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Make Dolls House Chairs From Wood


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Cut the Pieces for the Legs of the Simple Miniature Chair
Cutting diagram for the front and back legs of a simple dolls house wooden kitchen or dining chair.

Cutting diagram for the two front and two back legs of a simple dolls house wooden kitchen chair in 1:12 scale.

Photo copyright 2010 Lesley Shepherd, Licensed to About.com Inc.

I built the dolls house chair in these instructions to a scale of 1:12, so I will give measurements for this scale of chair. You can easily scale these chairs up or down, by working out your design in a sketch and scaling the standard measurements on the first page of this tutorial to suit the scale of chair you want to build.

Materials Used to Build the Chair

For my small kitchen or desk chair, I used 1/8 by 1/4 basswood strips for the back legs of the chair, 1/8 inch square stock for front legs and the seat supports, 1/8 by 3/8 inch stock for the bac support, 3/32 by 1 1/2 inch stock for the seat and 3/32 inch square stock for the lower leg rails. If you don't want to buy a lot of extra wood, you can make straight instead of angled back legs and front legs for kitchen chairs from long handled wooden match sticks. Use what is easiest for you to find. Do not use soft woods such as Balsa.

To Measure and Cut the Chair Legs

Cut your 1/8 by 1/4 inch stock to the length you want for the overall height of your chair. I cut my back legs to 2 3/4 inches long for a fairly short backed chair. Use a miter box to make sure your cuts are square across the bottoms and tops of the legs. Cut your front legs from the 1/8 inch square stock to the height you want your chair seat to be, minus the thickness of your seat. I cut my front legs to 1 3/8 inches long, so the top of my seat will be at the equivalent of 18 inches in height.(1 1/2 inches in 1:12 scale)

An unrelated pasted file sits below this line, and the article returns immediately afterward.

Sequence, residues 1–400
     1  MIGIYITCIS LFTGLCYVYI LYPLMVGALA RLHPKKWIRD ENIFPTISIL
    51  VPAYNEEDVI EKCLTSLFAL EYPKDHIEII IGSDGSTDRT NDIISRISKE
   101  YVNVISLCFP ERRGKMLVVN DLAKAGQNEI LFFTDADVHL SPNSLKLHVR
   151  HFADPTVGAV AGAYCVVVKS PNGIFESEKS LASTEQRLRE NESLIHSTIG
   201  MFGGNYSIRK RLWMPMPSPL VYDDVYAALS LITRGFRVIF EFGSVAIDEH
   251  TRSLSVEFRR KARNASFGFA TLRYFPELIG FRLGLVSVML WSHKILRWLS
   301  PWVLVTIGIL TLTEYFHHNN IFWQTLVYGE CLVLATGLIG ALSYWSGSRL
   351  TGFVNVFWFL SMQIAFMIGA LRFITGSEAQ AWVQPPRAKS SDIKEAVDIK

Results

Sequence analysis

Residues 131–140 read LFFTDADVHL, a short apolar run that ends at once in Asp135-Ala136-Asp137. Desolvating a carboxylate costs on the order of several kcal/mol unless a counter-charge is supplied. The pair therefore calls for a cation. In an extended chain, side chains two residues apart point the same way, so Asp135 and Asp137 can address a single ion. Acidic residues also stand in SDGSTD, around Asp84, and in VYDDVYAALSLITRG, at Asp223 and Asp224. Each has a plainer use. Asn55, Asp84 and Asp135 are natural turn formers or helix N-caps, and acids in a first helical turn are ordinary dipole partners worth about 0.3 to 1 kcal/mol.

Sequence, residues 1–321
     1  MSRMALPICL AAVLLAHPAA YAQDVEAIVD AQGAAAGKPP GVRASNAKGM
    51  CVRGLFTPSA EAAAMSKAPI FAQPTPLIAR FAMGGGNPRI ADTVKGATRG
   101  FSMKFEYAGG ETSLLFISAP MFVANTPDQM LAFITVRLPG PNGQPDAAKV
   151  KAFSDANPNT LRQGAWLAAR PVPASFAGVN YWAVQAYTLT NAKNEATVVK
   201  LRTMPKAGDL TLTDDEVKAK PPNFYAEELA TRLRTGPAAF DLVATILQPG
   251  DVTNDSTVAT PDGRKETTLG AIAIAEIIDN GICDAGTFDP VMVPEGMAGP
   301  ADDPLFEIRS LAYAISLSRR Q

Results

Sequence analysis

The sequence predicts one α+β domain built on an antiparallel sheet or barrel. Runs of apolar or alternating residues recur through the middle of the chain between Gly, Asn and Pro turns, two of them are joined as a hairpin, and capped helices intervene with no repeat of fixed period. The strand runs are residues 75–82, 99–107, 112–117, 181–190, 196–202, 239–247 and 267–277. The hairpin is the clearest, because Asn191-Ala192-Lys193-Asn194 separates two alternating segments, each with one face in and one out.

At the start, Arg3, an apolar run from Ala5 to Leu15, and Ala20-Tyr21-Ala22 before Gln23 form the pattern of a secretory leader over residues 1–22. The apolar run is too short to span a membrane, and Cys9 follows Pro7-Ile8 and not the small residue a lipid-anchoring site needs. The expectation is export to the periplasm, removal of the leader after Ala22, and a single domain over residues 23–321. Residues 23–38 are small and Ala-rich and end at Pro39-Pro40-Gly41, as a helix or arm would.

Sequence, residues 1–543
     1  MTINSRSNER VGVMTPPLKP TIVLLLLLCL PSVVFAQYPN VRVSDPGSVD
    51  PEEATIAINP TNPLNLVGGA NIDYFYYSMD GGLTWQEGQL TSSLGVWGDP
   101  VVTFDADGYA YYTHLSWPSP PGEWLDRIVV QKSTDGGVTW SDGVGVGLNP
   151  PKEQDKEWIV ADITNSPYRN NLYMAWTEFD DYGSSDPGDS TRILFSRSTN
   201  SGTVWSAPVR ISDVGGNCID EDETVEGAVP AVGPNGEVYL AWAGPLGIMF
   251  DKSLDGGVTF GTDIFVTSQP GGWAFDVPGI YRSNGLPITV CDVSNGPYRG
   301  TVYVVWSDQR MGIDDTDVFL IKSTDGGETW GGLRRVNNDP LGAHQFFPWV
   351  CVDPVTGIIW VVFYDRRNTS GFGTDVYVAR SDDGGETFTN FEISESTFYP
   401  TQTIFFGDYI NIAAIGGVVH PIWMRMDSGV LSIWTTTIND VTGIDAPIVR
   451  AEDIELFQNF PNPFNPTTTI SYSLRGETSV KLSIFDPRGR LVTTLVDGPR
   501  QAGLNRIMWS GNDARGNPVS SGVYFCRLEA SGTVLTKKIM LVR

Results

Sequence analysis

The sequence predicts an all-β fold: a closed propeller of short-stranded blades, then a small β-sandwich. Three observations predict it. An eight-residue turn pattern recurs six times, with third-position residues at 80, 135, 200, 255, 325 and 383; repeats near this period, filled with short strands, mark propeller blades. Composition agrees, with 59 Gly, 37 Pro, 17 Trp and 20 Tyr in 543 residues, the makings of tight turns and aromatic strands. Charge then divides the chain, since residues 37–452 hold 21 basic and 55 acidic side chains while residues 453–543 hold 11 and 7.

Mark the Angles for the Angled Back and Legs

To make a simple angled back on my chair, and back legs which angle back from the chair seat, I first marked where the top of the chair seat will cross the back legs (1 1/2 inches from the bottom of the leg). Next I made a mark 1/8 above this, and another 1/8 below this. This section of the back of the chair will stay square to make it easier to glue the seat supports to the legs. My final marks were made 1/8 inch in from the widest edge at the top and bottom of the leg (see photo). If you are using different sized wood for a different scale adjust your marks to represent the thickness of your legs and chair seat.

Draw the Leg Outlines

To mark the cutting lines for the legs, see the photo above. the leg edge which joins the seat (front of the back leg) is drawn from the 1/8 inch line above the seat back to the 1/8 inch mark in from the edge of the leg. A similar line is drawn for the bottom of the leg. The back of the leg is angled from the back edge of the wood strip, to the point 1/8 inch from the back edge of the strip where the top of hte seat line will be (see photo). The back edge of the leg is an angle, rather than an angle, a flat face, and an angle, the way the front face of the leg is drawn.

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